Anish Kapoor Opens Up to Us About Racism, Vandalism, and Anti-Semitic Smears
Kapoor talked to us at the opening of his debut Moscow show.
Looking as fit as ever, British sculptor Anish Kapoor gave a lecture in Moscow on September 21, the day of the opening of “My Red Homeland,” an exhibition at the Jewish Museum and Tolerance Center as part of the forthcoming 6th Moscow Biennale of Contemporary Art.
The new show, a stunning first outing for the artist in the city, and in all of Russia, comprises four pieces created from 1993-2007. With gaping wall works, rotating sculptures, and wonky mirrors, this show is billed as Kapoor’s official Russian debut. Yet, judging from the questions posed after the public lecture Kapoor gave on the afternoon of the opening, you may not have known he was in town for a new show.
Muscovites raised their hands to ask about Dirty Corner, Kapoor’s scandalous 10€ million Versailles sculpture, which was defaced twice with anti-Semitic slogans. Kapoor decided to leave the vandalism on his public sculpture. And with the French court’s recent decision to have him cover the graffiti that was scrawled on it, nobody in Moscow yesterday wanted to talk about the show at hand.
“We lost, can you believe it?” Kapoor told artnet News after the lecture. “Some very racist, in my view, deputy from parliament took me to court. We were forced to hide the graffiti. It’s a terrible, sad thing.”
“You want me to pretend it didn’t happen?” Kapoor asked. “It happened.” Kapoor has said that the writing was left on the sculpture as a “testament to shame and to horror.”
But not everyone felt as he did. Earlier this month, right wing official Fabien Bouglé filed a complaint against Kapoor for “inciting racial propaganda.” The French court ruled against Kapoor’s favor this past Saturday: He was forced to mask the artwork’s graffiti against his wishes, which he posted on Instagram.
The latest news? Kapoor is appealing the French court’s decision. “Absolutely,” he said. “How could we not? Tell me. France has narrow-minded bigots but we’ll win.”
“France is weird, I don’t really understand it,” he continued. “In the sense it’s bigoted and bigotry is supported by the courts, which is bizarre beyond belief, in my mind. It doesn’t take in the full context. We’re going to take the case to appeal and we’ll see what happens.”
Pulling out his iPhone, Kapoor showed us an unpublished photo of a graffiti-covered rock from Versailles. Work had begun that day in Paris to cover the graffiti. Kapoor’s team is laying gold leaf over the rocks but with enough room to show the remnants of the graffiti. “I have a team there now,” he said. “I have to transform it. Unraveling, finding an answer to a crime of hate and turn it into something else.”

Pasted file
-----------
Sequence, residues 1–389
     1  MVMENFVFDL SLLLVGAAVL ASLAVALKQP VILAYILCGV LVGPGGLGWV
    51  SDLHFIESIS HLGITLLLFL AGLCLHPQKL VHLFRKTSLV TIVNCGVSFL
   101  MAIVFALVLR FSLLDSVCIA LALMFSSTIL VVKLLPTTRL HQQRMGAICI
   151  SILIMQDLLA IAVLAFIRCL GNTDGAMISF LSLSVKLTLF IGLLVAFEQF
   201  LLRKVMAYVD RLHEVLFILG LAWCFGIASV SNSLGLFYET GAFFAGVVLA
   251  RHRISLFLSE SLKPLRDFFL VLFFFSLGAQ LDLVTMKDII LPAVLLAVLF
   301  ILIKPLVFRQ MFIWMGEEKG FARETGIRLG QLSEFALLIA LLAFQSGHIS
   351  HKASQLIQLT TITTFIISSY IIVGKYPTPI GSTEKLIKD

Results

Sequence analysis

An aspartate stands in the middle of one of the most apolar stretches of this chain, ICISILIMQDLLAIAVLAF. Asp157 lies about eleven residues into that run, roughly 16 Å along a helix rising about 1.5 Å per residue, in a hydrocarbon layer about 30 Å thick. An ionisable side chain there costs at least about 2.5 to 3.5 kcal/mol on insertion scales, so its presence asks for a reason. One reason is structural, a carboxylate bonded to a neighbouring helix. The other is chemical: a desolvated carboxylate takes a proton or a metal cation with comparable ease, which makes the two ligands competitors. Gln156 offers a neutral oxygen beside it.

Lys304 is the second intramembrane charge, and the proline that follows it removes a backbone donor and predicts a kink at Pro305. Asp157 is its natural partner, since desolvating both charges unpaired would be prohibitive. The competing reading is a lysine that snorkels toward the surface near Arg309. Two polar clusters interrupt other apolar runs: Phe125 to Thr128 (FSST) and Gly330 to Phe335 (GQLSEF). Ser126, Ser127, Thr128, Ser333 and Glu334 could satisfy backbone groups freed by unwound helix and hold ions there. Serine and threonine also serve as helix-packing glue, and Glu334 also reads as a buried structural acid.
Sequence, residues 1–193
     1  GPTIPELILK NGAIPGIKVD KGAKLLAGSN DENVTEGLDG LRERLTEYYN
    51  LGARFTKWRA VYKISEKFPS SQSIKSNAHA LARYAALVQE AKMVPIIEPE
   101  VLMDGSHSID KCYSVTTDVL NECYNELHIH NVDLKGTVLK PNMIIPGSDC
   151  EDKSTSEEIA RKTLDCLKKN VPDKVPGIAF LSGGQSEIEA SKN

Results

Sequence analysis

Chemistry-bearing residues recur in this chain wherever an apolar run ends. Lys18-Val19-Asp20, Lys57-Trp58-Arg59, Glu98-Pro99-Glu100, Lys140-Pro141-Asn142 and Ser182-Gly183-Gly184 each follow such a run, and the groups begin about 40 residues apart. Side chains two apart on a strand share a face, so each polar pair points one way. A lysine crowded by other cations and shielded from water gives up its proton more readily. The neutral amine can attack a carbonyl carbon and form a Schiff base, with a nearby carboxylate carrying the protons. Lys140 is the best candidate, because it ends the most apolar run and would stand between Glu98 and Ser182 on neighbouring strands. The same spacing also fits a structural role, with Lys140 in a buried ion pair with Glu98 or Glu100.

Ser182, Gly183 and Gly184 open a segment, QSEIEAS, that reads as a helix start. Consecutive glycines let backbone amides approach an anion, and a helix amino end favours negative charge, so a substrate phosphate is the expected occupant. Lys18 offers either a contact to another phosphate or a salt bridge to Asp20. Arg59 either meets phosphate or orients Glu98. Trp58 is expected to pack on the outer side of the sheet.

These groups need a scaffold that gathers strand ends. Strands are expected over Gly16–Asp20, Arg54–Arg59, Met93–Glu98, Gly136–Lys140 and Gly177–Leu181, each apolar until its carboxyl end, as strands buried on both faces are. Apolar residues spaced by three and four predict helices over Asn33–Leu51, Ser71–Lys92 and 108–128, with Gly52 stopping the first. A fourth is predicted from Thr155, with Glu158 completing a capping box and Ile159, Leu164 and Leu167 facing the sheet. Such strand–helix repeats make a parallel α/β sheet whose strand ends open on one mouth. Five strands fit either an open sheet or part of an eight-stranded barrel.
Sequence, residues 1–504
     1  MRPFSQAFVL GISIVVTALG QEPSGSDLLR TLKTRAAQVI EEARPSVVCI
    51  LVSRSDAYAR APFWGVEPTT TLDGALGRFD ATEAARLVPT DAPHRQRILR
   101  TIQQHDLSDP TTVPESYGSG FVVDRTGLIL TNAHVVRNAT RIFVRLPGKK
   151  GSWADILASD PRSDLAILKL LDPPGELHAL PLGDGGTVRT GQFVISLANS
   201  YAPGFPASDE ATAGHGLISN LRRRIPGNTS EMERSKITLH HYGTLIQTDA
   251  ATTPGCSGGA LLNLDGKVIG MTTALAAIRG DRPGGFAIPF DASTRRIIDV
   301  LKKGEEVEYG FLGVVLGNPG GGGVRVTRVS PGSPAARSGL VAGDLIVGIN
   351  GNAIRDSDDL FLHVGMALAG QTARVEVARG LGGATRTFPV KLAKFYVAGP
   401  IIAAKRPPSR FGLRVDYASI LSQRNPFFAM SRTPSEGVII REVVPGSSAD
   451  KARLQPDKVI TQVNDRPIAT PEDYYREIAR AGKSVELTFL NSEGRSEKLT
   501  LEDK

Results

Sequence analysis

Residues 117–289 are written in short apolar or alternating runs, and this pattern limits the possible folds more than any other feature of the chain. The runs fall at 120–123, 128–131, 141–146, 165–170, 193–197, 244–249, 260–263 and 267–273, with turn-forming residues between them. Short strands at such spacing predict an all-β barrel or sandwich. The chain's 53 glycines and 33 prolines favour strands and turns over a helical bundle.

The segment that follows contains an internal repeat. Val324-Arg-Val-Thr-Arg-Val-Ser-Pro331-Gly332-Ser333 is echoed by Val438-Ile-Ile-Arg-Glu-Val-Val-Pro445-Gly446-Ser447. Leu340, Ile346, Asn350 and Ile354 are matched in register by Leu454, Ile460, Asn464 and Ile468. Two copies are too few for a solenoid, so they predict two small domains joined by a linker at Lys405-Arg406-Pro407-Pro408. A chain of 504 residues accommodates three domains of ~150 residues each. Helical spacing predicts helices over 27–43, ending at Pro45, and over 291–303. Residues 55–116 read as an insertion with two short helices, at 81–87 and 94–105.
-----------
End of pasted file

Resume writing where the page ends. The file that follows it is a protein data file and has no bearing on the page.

“Culture is a victim of vandalism and hate,” said Kapoor, still angry about the court’s decision. “If vandalism and hate stops public experimentation, we all lose.” He continued, “We have to experiment in public, it’s our role as artists, that’s how society grows. If we stop that, we might as well live in a fascist state.”
In Russia, Kapoor isn’t worried about his work being vandalized—he’s smiling. “Showing “Red Homeland” in Russia is just naughty,” he said. “Just a little.”
The centerpiece of the show is a work by the same name, which is made from 20 tons of blood red pigment mixed with Vaseline. Piled into a 12-meter-wide circular platform, the mechanical sculpture has a steel arm, which turns around slowly, clock-like, eroding and reshaping the globular material.
In the large room in which all the show is displayed, there are two wall works Shelter (2007) and My Body Your Body (1993), the latter of which is a gaping hole in the wall, a witty reference to Alice in Wonderland (in fact, it looks a bit like the rabbit hole). The work encourages audience participation (many try to poke the hole to see if it’s real).
At the center of the room is S-Curve (2006), an irresistibly photographable curved, mirrored wall, which Kapoor calls “a selfie object in the age of the selfie” (he’s also given this moniker to his artwork “Cloud Gate”—the “ultimate selfie”). Much like a fun house mirror, the work alters the human form by its reflection stretching it into thin, abstract shapes.
“It means a lot to be here,” said Kapoor. “Tolerance is an interesting word; I’ve had lots of intolerance lately. I hope these pieces speak in a sparse, clear way.”
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